Preorders aren’t as important anymore, says Ubisoft

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The gaming industry is fixated on pre-orders. It’s at least one of the reasons publishers like Bethesda are dropping pre-release reviews and letting consumers wo pre-order play the game at the same time (and often before) the media. If pre-order numbers aren’t high enough for big, anticipated games, people in suits begin to worry that their annual bonuses will be less than they were hoping.

So they do things like offer up early access, extra content, and superfluous digital baubles to those who pony up cash for hype. There are people paying (a lot of) money without really knowing whether or not the thing they’re buying will be any good. Pre orders are one of the most important industry metrics for estimated success. It’s all about day one sales so publishers really, really place a lot of importance on them.

Ubisoft is starting to rethink that.

As part of its latest earnings reports, Ubisoft said that pre-orders aren’t nearly as important as they used to be. Instead, supporting games over a long period helps give them a tail, and leads to more active users over a longer term.

“We do consider that preorders are important,” Ubisoft’s Yves Guillemot said when asked about how Watch Dogs 2’s low pre-orders, “but they are not completely crucial for the success of the game.”

He’s not talking form a position of inexperience. One of the biggest successes in Ubisoft’s recent catalogue, much to my surprise, is the excellent Rainbow Six: Siege. The game was released at the end of last year, without much of a marketing push – seemingly left to die. A pity, because it’s home to one of the most exhilarating and exciting multiplayer campaigns in recent memory.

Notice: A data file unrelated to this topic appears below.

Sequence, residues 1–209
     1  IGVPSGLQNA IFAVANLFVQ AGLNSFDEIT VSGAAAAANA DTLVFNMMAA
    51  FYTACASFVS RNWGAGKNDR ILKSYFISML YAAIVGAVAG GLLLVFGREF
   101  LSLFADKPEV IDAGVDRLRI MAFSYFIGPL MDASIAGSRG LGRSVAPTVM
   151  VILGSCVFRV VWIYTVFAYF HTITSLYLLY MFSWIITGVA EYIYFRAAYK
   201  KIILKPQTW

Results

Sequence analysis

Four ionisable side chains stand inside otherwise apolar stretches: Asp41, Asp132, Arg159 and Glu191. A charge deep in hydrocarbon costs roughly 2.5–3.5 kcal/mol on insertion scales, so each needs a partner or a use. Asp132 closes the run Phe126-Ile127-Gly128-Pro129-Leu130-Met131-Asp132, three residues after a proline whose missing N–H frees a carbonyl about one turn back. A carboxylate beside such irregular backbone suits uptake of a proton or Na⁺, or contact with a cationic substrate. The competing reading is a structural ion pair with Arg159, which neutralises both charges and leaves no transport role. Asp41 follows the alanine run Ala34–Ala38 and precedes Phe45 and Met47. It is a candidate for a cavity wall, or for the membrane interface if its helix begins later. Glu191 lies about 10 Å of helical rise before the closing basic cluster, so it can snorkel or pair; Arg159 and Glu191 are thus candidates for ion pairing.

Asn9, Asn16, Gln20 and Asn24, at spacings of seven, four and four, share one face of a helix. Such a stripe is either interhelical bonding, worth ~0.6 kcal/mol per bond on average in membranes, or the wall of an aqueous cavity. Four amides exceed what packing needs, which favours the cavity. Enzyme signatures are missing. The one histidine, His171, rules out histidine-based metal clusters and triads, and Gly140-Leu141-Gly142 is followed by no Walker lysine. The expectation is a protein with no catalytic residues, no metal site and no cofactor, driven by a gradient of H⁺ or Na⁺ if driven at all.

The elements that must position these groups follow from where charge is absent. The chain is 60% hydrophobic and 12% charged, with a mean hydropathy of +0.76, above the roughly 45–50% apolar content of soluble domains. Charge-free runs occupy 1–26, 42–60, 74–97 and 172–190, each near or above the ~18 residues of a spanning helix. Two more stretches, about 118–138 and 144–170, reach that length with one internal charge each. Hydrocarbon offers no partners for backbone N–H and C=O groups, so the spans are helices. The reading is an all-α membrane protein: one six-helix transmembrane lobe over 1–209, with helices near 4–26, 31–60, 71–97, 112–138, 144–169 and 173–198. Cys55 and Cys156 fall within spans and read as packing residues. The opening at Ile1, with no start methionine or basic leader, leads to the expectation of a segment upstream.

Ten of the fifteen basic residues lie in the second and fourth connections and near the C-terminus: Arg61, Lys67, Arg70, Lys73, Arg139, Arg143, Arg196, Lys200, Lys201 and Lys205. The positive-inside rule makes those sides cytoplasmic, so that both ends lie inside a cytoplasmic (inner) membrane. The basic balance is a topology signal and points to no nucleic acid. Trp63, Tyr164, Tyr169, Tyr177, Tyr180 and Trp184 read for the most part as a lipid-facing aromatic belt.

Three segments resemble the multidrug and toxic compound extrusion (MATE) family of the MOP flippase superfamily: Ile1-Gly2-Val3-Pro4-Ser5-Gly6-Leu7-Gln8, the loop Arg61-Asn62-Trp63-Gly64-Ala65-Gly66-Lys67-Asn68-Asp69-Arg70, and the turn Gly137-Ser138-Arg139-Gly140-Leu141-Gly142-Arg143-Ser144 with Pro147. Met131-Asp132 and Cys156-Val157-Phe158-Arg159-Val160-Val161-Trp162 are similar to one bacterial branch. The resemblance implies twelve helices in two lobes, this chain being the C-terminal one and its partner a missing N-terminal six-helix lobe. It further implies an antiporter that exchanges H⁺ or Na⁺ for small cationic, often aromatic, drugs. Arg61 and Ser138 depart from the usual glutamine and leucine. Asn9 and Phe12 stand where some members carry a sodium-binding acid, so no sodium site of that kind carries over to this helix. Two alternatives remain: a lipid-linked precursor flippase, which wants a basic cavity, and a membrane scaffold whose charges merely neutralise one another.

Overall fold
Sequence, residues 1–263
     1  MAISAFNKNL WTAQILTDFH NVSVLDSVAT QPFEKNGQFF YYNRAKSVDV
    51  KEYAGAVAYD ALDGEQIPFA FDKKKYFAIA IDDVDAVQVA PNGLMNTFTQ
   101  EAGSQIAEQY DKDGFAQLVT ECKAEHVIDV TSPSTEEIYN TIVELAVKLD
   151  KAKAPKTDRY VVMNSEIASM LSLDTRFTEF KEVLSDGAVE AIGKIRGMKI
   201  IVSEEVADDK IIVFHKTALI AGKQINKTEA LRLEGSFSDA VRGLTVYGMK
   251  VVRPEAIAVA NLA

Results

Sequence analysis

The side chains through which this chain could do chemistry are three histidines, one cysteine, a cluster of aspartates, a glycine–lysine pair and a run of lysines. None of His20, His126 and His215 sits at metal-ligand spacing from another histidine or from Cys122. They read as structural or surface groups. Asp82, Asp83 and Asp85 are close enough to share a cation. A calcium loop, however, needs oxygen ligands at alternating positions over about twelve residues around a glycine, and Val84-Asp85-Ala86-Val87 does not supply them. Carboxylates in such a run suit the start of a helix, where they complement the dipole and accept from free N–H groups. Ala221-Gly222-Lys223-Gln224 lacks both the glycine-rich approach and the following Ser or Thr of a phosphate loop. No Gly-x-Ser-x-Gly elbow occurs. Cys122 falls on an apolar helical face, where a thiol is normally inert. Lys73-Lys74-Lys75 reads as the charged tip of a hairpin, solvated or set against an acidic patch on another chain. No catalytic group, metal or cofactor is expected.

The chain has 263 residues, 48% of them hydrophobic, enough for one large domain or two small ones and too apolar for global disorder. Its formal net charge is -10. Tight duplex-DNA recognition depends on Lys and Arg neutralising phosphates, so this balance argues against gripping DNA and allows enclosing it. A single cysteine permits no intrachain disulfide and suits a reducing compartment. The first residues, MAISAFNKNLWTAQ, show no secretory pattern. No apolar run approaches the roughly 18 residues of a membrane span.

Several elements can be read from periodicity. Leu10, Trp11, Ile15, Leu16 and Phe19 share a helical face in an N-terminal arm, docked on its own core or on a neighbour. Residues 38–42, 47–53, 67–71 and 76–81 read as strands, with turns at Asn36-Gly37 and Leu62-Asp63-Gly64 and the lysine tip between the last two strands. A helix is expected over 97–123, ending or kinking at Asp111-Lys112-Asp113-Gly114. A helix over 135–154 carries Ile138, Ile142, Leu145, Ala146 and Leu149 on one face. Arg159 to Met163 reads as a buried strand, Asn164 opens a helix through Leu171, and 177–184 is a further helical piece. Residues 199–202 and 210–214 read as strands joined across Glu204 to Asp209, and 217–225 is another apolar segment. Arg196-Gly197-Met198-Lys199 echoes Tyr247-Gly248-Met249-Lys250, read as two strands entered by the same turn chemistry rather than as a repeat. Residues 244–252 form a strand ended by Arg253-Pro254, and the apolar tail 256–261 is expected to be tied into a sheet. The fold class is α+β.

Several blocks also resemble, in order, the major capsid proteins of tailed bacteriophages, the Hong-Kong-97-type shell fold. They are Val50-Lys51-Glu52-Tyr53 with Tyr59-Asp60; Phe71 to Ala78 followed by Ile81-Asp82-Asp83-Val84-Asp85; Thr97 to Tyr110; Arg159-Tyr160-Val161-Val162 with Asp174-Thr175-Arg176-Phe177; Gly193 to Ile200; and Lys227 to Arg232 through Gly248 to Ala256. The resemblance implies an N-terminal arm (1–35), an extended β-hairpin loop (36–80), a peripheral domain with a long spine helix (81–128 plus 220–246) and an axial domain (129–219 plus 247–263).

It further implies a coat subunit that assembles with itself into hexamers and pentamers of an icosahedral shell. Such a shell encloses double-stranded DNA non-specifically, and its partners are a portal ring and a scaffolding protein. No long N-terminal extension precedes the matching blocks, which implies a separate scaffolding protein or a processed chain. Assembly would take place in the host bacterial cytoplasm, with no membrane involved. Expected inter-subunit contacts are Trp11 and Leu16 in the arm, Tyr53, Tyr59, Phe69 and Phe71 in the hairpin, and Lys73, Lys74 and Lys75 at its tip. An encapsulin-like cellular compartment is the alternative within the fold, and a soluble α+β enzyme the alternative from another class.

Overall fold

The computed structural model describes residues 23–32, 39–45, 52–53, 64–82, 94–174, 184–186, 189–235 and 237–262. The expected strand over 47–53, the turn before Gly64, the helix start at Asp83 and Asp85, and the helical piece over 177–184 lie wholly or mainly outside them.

With regular support – new content, characters, weapons, scenarios and more – the game has developed quite a following, and now boasts over 10 million registered users, joining The Crew and The Division (which is actually fun again, after the latest patch) as big success stories that come from nurturing game instead of releasing them and moving on to the next thing.

“The Crew, The Division and Rainbow Six Siege each have more than 10 million registered players, demonstrating that we are effectively executing our business development plan and moving towards an ever-more recurring model,” said Guillemot. “All of our actions and initiatives are aimed at achieving this objective. We are creating powerful franchises that offer long-term visibility. Our multi-studios organization enables us to have regular games releases. And the Live experiences for our consoles and PC games, including our investments in eSports, encourage long-term player engagement.”

It’s much the same tactic that Take-Two’s taken with GTA Online – which has now become one of its biggest earners.

It’s a shift away from the day one, pre-order culture, and that’s really a good thing.

Last Updated: November 4, 2016

Geoffrey Tim

Editor. I'm old, grumpy and more than just a little cynical. One day, I found myself in possession of a NES, and a copy of Super Mario Bros 3. It was that game that made me realise that games were more than just toys to idly while away time - they were capable of being masterpieces. I'm here now, looking for more of those masterpieces.